So I switched to the 80s playlist, and continued cleaning with some more useful sentiments. As in: I want to be a cowboy. My name is Fred. And someday I’ll be -

Oh, crap, well. The next morning I tackled the stack of photo albums, and it was hard work. Anything about my mother leads to a big roiling cauldron of guilt and regret and pain, to be frank. She worried so much. I made her worry, but nothing I did ever matched the catastrophic extrapolations of her concerns, and nothing ever tamped down the worries to a dead wad; the ember smoldered for year after year. She banked her discontents for reasons I will never know, and hence the pictures of her as a young girl or a young woman are difficult to bear, because I see the mind behind the smile. I know how the story ends. You feel ancient frustrations: you complained about the cupboards, sometimes. How they didn’t stick, how the doors drifted open. Dad was willing to pay for new cupboards; I remember that. But you didn’t want to spend the money because it was spending money, and I don’t get that either. Grandpa did okay. The farm was a going concern. Dad’s doing okay. The station is a going concern. But we have 14 Sue-Bee Honey plastic bowls in the cupboards - why? Because the Depression might return?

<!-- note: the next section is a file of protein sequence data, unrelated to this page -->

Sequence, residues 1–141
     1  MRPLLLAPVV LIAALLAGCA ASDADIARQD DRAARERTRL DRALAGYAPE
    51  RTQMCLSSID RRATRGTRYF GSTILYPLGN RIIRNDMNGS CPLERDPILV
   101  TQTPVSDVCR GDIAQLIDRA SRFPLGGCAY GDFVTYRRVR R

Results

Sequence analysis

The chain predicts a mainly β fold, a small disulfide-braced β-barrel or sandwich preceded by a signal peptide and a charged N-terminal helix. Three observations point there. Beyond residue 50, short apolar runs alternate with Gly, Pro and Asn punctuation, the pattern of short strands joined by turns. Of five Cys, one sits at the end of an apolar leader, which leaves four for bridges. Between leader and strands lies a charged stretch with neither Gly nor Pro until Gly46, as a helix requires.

Rewind: I’ve been watching Hoarders. There was a little of that in my Mom. There was a room in the basement that had . . . stuff. She saved old magazines, and for this I am grateful: rediscovering some of the 1950s BHG mags was one of the things that kicked me into my retro fascination. Believe me, the house was pin-neat and squared away, except for that room . . .